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Two-for-one tactics threaten European car rebound

PARIS/FRANKFURT, July 14 (Reuters) - Elie Chauvin did not plan to buy a new car when he stopped by his local Hyundai showroom, but the retired builder came away with two for the price of one.

The bargain-basement offer in Nimes, France - buy an ix35 crossover utility vehicle, get an i10 mini thrown in for one euro ($1.31) - is further evidence that Europe is a car buyer's paradise and a manufacturer's nightmare.

"It was the offer that I noticed," said Chauvin, 63. "I wouldn't have changed my car otherwise. Not yet."

His message echoes confidential market research seen by Reuters; discounts by mass-market car brands jumped 17 percent from a year earlier to an average 2,518 euros per vehicle in May across Europe's five biggest markets.

Europe's decline in car sales is showing signs of bottoming out, even as the market shrinks for a sixth straight year to a two-decade low. But cut-throat price competition among brands and dealers threatens to kill any sense of relief for automakers struggling with excess plant capacity.

Almost all are bleeding cash in Europe, with the exception of Volkswagen (Other OTC: VLKAF - news) and its German luxury peers.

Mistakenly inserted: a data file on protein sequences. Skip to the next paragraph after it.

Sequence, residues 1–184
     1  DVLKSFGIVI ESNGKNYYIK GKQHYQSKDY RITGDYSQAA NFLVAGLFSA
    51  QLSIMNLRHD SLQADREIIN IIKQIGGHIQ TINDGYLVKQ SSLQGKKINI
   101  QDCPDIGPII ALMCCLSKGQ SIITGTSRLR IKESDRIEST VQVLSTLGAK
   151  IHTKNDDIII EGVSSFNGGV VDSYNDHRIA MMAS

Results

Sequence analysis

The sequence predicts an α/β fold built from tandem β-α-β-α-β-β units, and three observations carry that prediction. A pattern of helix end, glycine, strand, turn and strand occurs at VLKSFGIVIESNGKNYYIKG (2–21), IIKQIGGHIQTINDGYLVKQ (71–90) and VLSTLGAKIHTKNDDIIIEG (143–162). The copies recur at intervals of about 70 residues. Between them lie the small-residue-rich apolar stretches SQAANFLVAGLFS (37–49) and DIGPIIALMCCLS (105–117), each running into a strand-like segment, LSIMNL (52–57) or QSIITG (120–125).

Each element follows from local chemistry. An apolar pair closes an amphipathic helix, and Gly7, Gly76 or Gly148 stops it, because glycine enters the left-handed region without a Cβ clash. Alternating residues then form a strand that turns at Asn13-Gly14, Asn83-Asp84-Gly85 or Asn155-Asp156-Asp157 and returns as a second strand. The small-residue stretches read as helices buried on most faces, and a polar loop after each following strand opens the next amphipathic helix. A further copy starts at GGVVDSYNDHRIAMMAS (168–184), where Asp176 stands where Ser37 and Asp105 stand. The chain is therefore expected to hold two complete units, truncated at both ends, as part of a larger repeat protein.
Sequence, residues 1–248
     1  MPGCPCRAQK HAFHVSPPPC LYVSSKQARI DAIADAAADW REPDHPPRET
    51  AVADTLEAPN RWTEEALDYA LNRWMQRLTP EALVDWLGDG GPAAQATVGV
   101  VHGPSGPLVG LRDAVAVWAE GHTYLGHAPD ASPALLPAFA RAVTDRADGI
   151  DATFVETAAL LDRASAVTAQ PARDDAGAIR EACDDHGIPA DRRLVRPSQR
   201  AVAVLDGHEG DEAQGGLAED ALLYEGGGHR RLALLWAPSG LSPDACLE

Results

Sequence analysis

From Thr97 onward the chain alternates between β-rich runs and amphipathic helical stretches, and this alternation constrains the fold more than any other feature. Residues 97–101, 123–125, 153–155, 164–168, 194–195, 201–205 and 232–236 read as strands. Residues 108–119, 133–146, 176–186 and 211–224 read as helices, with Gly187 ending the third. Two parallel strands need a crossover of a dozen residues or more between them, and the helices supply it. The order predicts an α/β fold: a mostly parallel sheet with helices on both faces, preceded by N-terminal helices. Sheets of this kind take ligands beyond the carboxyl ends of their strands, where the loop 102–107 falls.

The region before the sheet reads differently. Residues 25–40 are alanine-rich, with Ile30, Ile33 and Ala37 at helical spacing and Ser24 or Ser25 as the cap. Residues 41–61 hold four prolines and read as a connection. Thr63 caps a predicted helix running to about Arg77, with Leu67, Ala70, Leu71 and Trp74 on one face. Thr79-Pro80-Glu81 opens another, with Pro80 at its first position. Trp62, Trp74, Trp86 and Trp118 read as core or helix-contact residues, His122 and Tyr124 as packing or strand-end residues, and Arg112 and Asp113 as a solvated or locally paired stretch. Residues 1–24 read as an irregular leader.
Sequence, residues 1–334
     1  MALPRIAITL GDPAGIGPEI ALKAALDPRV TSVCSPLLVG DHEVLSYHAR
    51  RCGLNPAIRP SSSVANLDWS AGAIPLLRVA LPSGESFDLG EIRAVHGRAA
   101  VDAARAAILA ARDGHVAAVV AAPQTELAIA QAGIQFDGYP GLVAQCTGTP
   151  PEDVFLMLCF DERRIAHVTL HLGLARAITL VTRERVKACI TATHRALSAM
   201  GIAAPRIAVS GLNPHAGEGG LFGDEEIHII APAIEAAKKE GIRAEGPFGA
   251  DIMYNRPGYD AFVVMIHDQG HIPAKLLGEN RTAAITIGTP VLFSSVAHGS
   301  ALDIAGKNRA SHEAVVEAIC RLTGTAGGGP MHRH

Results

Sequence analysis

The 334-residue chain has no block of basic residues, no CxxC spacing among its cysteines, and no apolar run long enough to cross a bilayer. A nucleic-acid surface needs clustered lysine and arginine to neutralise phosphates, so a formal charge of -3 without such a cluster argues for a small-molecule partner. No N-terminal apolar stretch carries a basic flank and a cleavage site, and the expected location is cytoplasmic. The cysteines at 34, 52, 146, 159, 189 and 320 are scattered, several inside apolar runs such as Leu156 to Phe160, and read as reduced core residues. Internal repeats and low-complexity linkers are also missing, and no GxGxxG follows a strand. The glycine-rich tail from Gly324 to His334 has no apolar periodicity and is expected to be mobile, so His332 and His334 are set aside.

Regional losses last year came to 704 million euros for Fiat and $1.8 billion each for Ford (NYSE: F - news) and General Motors (NYSE: GM - news) , while euro-centric PSA Peugeot Citroen posted a thumping 5 billion euro net loss.

Out of concern for brand image, many carmakers mask their price-slashing by registering some of their own vehicles to sell as used, or by offloading them to rental firms at the end of the month with a hefty mark-down.

Others, like South Korea's Hyundai (KSE: 011760.KS - news) , are coming up with ever more imaginative discounts they can brazenly advertise to grab a bigger share of Europe's shrinking market from weaker rivals.

Many of Hyundai's recent Spanish customers will be getting 2,250 euros back, after it pledged last month to refund one car loan instalment of up to 150 euros for each of the first 15 goals scored by the national soccer side in the Confederation Cup.


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